On August 22nd, at 7:04:12 AM UTC, some person or set of people, somewhere in the world, received a sudden windfall of just under $3 million (or 10,469.66 ETH to be specific) by winning the jackpot of a game that is perhaps one of the most intriguing sociological experiments in Ethereum’s history.
Questions abound as to the methodology utilized to arrive at the hotly contested victory and to the legitimacy of the winner. Did he/she “cheat” the system in some way? Is the PoW3HD team somehow connected to the winner? Were the blocks artificially stuffed with extraneous transactions in order to ensure no one else had a chance of winning? Was there a bot used to control the flow of the game?
We decided to take a slightly deeper look into the on-chain data to help make more sense of the event.
Described by its creators as a parody of the crypto/ICO industry, Fomo3D is an intricate lottery game run by smart contracts on Ethereum that has grown to become one of the most popular decentralized applications in the industry today.
The primary game mechanics for the ‘long’ running version of the game are as follows:
Have a look at the detailed rules here.
It is a significant event that someone actually won the round in Fomo3D because firstly, there were several thousand users (with vast war chests) competing for the chance to be the last key in.
Adding to this, the pyramid-scheme-like nature of the game had many convinced that there would always be another key buyer (seeing as keys are relatively inexpensive) that would be drawn to the game as it had such a tantalizing possibility of victory.
Examining the data for the winning address for this round of Fomo3D, we will refer to the winner as JackpotWinner. It appears like JackpotWinner has only been truly active for a little over a week, receiving his/her initial ETH funds in chunks from Shapeshift transactions. It’s important to realize here that we cannot know for sure whether there is one or multiple human beings behind JackpotWinner or if it’s an automated bot entity whose aim is to systematically win the game.
First we examine the possibility that JackpotWinner somehow managed to bombard the blockchain with transactions such that the miners had no choice but to include his/her transactions above others. The payout of the winnings happened in block number 6191962. Looking closer at the block, it appears to have been mined by an established, operating, mining pool and contains many seemingly independent addresses that also have had interactions with Fomo3D at a very similar time as JackpotWinner. The gas pricing is also well within normal bounds. Additionally, on a surface-level network analysis, there appear to be no material connection between JackpotWinner and the mining entity.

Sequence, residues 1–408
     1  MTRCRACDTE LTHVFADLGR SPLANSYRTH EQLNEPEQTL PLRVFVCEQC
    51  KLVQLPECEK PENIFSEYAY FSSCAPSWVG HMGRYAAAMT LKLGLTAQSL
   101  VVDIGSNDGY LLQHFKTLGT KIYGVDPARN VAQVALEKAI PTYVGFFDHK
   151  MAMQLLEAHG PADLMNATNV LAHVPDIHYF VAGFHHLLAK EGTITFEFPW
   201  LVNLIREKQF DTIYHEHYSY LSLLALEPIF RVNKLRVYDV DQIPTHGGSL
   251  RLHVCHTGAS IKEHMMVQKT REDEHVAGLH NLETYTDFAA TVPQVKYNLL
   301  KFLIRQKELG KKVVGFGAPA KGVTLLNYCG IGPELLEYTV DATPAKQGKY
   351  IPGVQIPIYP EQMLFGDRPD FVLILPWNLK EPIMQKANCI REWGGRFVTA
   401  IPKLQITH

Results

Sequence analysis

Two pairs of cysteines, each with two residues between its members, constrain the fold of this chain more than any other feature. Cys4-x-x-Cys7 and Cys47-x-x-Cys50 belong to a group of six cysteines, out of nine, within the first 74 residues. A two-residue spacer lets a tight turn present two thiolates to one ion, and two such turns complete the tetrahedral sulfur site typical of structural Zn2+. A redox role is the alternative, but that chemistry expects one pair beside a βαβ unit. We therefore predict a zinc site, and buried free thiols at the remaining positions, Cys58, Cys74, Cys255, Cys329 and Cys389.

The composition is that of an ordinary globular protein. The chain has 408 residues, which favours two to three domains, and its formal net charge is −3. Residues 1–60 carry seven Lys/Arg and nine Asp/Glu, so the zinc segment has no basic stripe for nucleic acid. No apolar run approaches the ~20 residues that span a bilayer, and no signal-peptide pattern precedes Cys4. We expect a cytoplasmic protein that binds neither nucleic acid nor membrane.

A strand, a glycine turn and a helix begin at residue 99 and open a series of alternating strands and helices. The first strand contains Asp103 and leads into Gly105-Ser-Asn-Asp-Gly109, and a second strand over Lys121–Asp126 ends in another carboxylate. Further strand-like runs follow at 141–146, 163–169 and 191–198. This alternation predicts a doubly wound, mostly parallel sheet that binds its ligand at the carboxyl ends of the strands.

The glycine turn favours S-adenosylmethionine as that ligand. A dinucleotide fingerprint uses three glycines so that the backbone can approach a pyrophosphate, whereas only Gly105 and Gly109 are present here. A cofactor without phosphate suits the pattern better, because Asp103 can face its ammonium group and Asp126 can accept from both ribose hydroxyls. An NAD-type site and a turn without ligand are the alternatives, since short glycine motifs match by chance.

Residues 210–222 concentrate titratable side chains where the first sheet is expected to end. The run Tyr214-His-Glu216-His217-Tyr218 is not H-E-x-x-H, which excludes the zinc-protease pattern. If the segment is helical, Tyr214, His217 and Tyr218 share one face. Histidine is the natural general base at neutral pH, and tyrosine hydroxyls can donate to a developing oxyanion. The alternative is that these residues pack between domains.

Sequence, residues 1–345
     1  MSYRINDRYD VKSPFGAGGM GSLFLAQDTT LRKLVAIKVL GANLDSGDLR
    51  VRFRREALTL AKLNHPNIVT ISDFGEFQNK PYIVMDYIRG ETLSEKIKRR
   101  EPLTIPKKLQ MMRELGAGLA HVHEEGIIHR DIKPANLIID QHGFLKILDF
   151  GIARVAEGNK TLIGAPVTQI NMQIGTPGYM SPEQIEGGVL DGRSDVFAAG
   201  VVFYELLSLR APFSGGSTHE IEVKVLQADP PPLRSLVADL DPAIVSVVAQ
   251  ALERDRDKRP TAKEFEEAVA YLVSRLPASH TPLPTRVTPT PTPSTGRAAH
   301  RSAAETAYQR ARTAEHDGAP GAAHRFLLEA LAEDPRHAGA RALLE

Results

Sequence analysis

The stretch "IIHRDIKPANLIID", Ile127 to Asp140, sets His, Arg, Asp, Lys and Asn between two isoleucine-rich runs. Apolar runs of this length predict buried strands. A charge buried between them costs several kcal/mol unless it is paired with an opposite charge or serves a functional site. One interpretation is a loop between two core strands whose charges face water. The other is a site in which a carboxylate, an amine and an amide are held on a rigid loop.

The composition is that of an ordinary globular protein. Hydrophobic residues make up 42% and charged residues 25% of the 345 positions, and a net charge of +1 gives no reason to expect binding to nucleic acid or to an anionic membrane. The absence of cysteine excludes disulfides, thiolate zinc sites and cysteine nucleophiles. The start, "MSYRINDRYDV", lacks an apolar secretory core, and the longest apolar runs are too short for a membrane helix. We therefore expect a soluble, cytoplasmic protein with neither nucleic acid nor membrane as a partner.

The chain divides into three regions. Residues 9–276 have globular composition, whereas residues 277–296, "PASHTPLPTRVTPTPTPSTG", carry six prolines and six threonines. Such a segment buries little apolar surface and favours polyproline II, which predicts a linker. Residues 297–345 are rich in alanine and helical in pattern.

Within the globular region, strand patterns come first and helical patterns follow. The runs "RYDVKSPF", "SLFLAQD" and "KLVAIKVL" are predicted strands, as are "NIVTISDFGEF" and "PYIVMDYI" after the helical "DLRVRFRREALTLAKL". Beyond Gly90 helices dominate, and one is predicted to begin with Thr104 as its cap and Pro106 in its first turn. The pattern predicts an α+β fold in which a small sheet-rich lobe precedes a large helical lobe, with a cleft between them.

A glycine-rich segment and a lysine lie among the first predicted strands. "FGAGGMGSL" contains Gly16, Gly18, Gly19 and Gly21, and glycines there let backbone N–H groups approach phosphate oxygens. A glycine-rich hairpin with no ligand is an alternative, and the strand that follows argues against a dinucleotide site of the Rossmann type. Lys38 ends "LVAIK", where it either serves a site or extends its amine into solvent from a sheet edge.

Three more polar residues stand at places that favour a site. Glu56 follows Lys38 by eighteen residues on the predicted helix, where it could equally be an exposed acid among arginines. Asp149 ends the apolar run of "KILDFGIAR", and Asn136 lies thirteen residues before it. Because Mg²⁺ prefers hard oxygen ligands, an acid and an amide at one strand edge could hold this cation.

Over the course of 5 hours on August 22nd however, we notice JackpotWinner making a series of calls to the Fomo3D smart contract — 46 to be exact.
We see JackpotWinner successively hitting the FOMO3D:Long contract, calling the
buyXid(uint256 _affCode, uint256 _team) function — to effectively buy a key with each transaction during this time period of intense competition with other players.
He/she only directly paid around 2.76ETH (1.96ETH in transaction fees and 0.8ETH to purchase keys) to win a whopping 10,469.66 ETH.
Taking this into consideration, another, more insidious possibility to explore through the data is to see whether JackpotWinner is in any way related to a bigger entity (such as the PoWH3D team themselves). The first place to look is the distribution of addresses that JackpotWinner transacts with and sends ETH to.
What is striking about this distribution is the there exist 46.6% of transactions where the address
0x18e1B664C6a2E88b93C1b71F61Cbf76a726B7801 is the recipient of funds from the JackpotWinner. Looking into this address, we see that it is in fact a contract that was created by JackpotWinner on Aug 18th, 2018 at 10:49:31 PM UTC. The vast majority of transactions to this address are merely calls to the Fomo3D:Long contract (or to related auxiliary contracts for the game) that are effectively routed through this ‘routing’ address (see below).
The other addresses that make up a large percentage of the recipient base for JackpotWinner are also either Fomo3D contracts or auxiliary supporting addresses. This fact indicates that JackpotWinner is either a component of an automated botnet that systematically interacts with the Fomo3D contract ecosystem and/or a part of an elaborate scheme by the PoWH3D team themselves to funnel money through their own creation.
Another data point that serves as a clue is the Fomo3D leaderboard, which states the number of keys owned by JackpotWinner and the teams he/she has chosen. It is intriguing that the ‘bear’ team is one of the choices as it is the option that is meant to be chosen by those that want 0% of a rounds winnings to go to P3D token holders (PoWH3D’s own token).
If JackpotWinner was in fact connected to PoWH3D, it would not make rational sense for the organization to devalue the contribution of their own P3D token (albeit it being outside the scope of the game) merely for the sake of leading us all on a wild goose chase.
0x2c389A86A686AC7Ee98Ac2606802b5bB4a2186C1, which is the the recipient of a large chunk of JackpotWinner’s funds, appear to have been expressly set up in the past week and a half to prepare for this moment in time, when they could claim the winnings for round 1.
By Sid Shekhar @sidshekhar24